Scientific drilling of narrow sub-basins within the Lau back-arc basin system of the SW Pacific has recovered uppermost Miocene to Recent volcaniclastic sediment and pelagic nannofossil oozes. Pliocene sediment gravity flow and turbidite sands from the western Lau Basin indicate a local source for the sediment, probably intrabasinal seamount volcanoes active during the initial stages of arc rifting. Derivation of abundant material from either the remnant volcanic arc (Lau Ridge) or the new Tofua arc is ruled out by the rugged topography of the basin and the proximal nature of the facies. Sediments from the Tonga platform, adjacent to the present day Tofua arc, indicate a peak in volcanic activity prior to and during the generation of the first back-arc basin crust at 5.25 Ma. A 2.0 Ma hiatus in arc volcanism on the trench side of the basin after rifting was brought to an end by the foundation of the Tofua arc at 3.0 Ma (Late Pliocene). On the basis of the sedimentary, geochemical and seismic data it is suggested that basin rifting involved an initial stage of extension of the original island arc, accompanied by volcanism in the form of major seamount volcanoes within the basin. These produced volcanic ash by submarine eruption, which was then reworked into adjacent sub-basins by slumping, gravity flow or turbidity current. Basin opening proceeded with a trenchward migration of extension and volcanism with time. This system was disrupted by the southward propagation of the Eastern Lau Spreading Centre into the southern Lau Basin at 1.5-1.0 Ma. This resulted in extension and volcanism being concentrated along the median valley of the spreading centre and a cessation in explosive volcanism of wide compositional range. Sedimentation in the Lau Basin since that time has been principally pelagic with minor ash layers mostly derived from the Tofua arc.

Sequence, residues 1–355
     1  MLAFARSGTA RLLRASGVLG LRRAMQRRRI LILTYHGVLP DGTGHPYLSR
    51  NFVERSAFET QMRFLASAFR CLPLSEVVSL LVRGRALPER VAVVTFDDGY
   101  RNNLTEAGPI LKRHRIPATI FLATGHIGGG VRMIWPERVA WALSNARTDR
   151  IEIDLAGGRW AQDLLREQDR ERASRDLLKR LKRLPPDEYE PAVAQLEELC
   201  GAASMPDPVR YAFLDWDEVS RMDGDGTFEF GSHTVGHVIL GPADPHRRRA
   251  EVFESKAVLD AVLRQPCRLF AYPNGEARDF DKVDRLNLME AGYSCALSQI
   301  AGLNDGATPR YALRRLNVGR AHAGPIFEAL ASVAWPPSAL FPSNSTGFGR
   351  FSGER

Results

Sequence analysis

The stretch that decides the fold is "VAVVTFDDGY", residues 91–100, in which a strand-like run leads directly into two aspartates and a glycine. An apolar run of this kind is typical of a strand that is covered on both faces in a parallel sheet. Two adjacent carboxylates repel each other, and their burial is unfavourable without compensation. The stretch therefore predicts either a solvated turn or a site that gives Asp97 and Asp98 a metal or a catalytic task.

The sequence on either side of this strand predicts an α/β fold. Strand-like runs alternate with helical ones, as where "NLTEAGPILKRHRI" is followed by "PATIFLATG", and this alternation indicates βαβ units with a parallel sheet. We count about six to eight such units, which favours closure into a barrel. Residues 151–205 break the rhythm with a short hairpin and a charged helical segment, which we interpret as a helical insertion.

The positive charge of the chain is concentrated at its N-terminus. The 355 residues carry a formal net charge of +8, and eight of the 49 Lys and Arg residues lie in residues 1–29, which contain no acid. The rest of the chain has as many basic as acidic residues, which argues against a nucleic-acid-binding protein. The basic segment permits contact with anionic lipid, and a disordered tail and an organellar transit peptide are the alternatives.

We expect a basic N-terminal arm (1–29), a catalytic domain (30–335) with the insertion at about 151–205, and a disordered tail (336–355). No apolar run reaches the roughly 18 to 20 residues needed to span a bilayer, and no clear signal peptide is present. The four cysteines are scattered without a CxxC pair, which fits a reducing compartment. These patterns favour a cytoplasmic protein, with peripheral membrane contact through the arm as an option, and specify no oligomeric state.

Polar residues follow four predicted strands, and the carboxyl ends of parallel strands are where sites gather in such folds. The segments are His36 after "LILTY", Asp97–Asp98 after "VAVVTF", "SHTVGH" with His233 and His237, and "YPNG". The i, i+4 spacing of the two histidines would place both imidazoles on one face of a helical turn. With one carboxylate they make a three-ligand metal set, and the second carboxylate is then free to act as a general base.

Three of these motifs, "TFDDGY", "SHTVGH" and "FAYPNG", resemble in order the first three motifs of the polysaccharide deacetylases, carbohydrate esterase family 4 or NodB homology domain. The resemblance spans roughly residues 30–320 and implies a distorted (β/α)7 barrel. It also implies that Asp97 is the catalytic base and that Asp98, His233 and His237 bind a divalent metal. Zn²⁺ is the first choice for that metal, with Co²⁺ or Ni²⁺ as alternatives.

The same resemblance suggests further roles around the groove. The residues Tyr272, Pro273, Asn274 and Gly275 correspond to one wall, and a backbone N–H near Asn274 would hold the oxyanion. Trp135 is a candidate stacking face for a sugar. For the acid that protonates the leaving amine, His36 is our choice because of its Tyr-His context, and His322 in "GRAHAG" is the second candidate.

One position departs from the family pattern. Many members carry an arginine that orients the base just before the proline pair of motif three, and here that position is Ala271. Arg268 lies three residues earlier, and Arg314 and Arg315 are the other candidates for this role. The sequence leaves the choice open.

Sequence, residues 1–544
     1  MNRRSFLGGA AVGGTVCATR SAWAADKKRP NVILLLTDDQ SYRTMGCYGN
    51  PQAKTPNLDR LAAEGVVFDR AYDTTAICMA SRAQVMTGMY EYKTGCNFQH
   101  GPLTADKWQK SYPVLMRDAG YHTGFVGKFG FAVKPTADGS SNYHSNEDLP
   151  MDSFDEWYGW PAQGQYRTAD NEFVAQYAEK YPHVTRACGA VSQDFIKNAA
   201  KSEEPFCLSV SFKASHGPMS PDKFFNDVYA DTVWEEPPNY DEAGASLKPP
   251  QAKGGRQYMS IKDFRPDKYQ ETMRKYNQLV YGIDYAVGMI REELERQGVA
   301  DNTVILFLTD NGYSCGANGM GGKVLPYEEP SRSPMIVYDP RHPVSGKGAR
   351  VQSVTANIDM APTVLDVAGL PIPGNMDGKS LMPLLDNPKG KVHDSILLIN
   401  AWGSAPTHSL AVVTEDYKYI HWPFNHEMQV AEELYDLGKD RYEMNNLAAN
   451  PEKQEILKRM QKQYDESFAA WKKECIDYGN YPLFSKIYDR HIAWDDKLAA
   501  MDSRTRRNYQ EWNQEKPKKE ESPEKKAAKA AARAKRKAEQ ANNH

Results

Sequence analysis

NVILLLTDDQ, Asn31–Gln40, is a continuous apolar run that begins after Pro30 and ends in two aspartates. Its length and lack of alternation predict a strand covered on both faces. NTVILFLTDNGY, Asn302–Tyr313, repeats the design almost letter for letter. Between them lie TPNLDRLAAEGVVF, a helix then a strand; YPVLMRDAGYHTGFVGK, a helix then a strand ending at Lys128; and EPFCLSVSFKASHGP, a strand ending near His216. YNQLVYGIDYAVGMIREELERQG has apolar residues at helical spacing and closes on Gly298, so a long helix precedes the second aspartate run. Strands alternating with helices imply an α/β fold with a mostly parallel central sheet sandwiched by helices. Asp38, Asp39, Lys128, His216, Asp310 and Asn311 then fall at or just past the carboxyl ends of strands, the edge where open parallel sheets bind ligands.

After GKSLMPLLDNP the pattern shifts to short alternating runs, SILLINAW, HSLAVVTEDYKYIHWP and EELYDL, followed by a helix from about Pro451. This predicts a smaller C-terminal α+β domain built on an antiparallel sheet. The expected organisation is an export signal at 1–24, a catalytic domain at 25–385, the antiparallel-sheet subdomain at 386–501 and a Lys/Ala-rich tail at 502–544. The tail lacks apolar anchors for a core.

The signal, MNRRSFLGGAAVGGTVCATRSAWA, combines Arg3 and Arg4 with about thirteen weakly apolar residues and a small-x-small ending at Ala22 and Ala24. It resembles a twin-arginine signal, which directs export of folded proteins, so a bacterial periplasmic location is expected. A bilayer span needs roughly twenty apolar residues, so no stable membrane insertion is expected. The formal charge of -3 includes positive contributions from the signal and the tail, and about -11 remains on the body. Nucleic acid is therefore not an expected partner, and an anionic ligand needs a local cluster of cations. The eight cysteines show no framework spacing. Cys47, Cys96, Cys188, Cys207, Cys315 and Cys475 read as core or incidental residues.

|Number of pages||23|
|Journal||Geological Society Special Publication|
|Publication status||Published - 1994|
ASJC Scopus subject areas
- Water Science and Technology
- Ocean Engineering